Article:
Our Book Club pick for October is ‘Signs of Life: To the Ends of the Earth With a Doctor’ by Stephen Fabes. Round-the-world cycling stories can lend themselves to cliché and repetition. What sets Fabes’ book - and his six-year, 53,568-mile pedal around the globe - apart is his medical background, and the topics and specific places that he chooses to visit as a result. Fabes is an empathetic, considerate writer - historically-engaged while still full of humour.
Fabes left his job as a junior doctor to embark on his grand adventure in 2010. “Uncertainty, whether in life or bike rides, is the heart and soul of any journey,” he writes at the end of his prologue. The trip would end up taking him from London through Europe, south through Africa to Cape Town, up the east coast of the Americas (via the Extreme Fun Pub in Uyuni and the set of Top Gun in San Diego), over to Australia, through Indonesia, India, Hong Kong, Mongolia and, naturally, an abundance more beyond before returning to the UK.
There are plenty of beautiful landscapes descriptions, but it is the medical content that make ‘Signs of Life’ so notable. There are insights into the life of a doctor - “the tormenting sense of accountability; the late-night palpitations as you wonder whether forgetting one of the seventeen causes of epigastric pain will have consequences you will never forget” - and as Fabes travels, he finds himself drawn to explore health care at the margins of the world.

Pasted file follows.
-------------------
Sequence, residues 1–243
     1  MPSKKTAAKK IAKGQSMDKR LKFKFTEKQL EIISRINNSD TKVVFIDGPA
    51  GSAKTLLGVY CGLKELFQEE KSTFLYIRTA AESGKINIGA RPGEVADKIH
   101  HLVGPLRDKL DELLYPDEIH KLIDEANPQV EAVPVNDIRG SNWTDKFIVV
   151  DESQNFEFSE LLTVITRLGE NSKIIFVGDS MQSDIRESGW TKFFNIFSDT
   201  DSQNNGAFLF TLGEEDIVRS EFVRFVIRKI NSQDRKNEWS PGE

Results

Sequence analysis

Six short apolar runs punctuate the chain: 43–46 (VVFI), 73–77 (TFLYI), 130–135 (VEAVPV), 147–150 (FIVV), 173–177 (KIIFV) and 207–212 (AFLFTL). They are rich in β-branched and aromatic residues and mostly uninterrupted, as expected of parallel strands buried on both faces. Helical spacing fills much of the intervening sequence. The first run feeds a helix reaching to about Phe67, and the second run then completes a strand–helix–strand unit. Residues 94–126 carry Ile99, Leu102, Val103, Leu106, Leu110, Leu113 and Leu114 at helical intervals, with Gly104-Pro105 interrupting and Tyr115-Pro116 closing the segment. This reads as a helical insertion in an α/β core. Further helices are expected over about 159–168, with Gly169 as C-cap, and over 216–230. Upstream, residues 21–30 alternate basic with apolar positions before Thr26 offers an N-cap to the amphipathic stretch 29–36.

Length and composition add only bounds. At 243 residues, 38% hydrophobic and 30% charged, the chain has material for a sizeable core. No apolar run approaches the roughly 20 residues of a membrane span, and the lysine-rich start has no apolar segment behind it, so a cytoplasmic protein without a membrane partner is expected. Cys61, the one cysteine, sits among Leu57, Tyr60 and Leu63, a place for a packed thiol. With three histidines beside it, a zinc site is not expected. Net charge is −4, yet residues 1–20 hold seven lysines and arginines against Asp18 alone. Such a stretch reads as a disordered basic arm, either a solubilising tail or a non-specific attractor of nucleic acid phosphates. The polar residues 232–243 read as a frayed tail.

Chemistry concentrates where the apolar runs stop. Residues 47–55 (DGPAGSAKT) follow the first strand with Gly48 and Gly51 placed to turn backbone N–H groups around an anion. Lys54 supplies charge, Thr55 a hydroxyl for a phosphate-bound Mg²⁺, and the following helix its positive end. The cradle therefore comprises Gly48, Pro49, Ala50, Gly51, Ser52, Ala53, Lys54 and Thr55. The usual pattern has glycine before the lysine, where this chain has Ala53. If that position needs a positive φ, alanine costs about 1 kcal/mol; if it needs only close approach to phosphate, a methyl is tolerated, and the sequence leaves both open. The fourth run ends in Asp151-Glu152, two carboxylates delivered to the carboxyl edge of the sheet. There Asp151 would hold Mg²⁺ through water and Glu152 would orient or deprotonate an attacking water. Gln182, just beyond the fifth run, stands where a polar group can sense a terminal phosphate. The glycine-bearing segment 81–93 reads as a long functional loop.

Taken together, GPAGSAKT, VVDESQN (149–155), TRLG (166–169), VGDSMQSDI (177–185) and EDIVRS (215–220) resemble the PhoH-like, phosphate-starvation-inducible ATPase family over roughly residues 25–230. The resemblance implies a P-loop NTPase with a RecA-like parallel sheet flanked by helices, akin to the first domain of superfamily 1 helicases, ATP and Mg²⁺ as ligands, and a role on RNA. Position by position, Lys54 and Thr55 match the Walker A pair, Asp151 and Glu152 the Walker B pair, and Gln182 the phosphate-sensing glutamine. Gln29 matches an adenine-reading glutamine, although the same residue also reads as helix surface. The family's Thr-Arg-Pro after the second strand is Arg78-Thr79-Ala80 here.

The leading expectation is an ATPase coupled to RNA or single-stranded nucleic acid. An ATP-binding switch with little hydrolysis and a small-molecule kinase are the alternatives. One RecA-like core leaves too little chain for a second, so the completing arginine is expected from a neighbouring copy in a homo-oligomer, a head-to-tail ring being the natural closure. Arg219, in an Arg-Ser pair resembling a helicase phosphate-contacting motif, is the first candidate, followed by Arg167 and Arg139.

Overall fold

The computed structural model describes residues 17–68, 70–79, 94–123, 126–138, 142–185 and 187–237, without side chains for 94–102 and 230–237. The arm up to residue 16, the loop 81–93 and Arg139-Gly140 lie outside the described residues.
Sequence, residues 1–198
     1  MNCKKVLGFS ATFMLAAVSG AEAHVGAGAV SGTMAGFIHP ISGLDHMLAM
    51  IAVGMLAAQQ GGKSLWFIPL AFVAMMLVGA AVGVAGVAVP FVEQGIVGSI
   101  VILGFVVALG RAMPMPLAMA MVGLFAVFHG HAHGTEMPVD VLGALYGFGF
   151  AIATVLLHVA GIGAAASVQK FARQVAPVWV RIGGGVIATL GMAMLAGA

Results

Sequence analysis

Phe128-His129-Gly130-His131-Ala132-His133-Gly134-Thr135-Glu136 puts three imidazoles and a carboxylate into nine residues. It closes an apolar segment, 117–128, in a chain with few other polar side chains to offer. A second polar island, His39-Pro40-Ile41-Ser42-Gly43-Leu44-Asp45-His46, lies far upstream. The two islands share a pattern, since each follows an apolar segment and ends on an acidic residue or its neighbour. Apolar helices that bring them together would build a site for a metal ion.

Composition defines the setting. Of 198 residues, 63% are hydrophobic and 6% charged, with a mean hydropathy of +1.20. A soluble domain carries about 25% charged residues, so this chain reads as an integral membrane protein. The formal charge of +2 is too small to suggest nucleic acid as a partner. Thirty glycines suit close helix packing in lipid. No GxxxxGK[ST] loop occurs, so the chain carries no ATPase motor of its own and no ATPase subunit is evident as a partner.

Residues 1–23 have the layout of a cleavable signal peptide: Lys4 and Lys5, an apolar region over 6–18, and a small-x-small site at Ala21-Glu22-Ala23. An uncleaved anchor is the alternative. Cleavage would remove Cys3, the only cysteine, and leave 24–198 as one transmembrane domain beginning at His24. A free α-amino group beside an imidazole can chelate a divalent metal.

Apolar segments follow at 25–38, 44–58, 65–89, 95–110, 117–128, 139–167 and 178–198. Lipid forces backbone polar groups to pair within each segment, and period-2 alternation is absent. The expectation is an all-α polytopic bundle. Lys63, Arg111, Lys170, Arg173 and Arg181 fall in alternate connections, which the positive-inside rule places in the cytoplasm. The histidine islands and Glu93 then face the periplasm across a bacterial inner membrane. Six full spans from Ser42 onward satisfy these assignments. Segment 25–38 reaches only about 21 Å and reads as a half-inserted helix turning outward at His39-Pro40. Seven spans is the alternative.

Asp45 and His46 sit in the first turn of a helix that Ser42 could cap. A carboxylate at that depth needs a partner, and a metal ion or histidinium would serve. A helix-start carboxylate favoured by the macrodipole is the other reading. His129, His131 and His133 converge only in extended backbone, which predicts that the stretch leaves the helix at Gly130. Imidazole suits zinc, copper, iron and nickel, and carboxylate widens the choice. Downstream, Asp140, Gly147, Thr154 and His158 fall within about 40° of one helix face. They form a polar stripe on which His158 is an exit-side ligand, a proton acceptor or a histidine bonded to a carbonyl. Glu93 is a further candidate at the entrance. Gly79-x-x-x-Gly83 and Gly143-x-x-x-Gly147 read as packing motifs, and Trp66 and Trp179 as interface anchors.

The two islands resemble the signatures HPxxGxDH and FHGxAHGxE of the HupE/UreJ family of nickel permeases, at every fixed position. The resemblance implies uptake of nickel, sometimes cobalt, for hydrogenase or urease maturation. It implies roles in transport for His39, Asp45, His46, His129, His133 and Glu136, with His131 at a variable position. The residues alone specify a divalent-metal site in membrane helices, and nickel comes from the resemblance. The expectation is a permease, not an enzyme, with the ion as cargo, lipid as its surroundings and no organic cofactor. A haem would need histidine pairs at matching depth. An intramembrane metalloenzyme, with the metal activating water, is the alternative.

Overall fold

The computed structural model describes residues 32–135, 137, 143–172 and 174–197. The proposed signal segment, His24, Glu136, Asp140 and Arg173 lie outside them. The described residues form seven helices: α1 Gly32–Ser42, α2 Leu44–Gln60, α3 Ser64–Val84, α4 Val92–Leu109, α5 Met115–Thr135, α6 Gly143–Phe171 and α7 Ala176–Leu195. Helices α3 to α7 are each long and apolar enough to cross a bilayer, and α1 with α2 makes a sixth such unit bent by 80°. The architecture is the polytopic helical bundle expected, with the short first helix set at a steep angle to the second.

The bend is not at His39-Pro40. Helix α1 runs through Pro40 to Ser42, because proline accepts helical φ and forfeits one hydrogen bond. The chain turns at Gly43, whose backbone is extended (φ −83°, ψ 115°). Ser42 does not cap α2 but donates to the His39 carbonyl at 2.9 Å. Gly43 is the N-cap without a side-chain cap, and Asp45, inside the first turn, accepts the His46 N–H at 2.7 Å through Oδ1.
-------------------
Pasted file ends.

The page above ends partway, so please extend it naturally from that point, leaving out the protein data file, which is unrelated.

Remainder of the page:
In Nepal, Fabes visits a hospital near Kathmandu and meets Parbati, who suffers from leprosy, “perhaps the most mythologised of all diseases”, which “less than five percent of people are even susceptible to catching”. In India he visits a mental health rehab clinic in Mumbai. Mental health is “in the margins of the margins” in the country, he writes. “It’s inevitable that there are ways we treat the mentally ill today that will be seen as abhorrent a hundred years from now.”
The malnourished nomads of Turkana, in northern Kenya, bring Fabes to reflect on how societal disadvantage devastates the people of Britain too. “Like the people of Turkana, many of my patients (the homeless and addicted in particular) were taken for feckless or for victims, unwilling or unable to help themselves, and it made me bristle that agency and victimhood were seen, too often, as incompatible things,” he writes.
We are educated on “Paris Syndrome”, where tourists can "reel and even vomit, all out of sheer distress” when they discover Paris is not the cliché they longed for. Fabes covers the anatomy of the fingernail and how it can be “a record of a life” - and we learn how medicine was used as a defence for colonial rule.
Fabes is an intensely self-aware and comical writer - “tourists were naff people: shrill, bovine, jowly weirdos with knapsacks and visors. I was An Adventurer, at least that’s what I told my mum during our strictly scheduled phone calls.”
In amongst all of this there are police escorts through Egypt, gun-point awakenings in Bolivia and rides across frozen lakes on the edge of Siberia. The comedy does not come at the expense of poignancy either - a late visit to a “sprawling camp of refugees and migrants” in Calais reminding Fabes of the Syrians who treated him to a spontaneous and abundant birthday celebration when he happened to turn 30 on the road to Damascus years previous.
With enough room left for philosophising and societal and political commentary, 'Signs of Life' pairs history, wit and wanderlust to fantastic effect.
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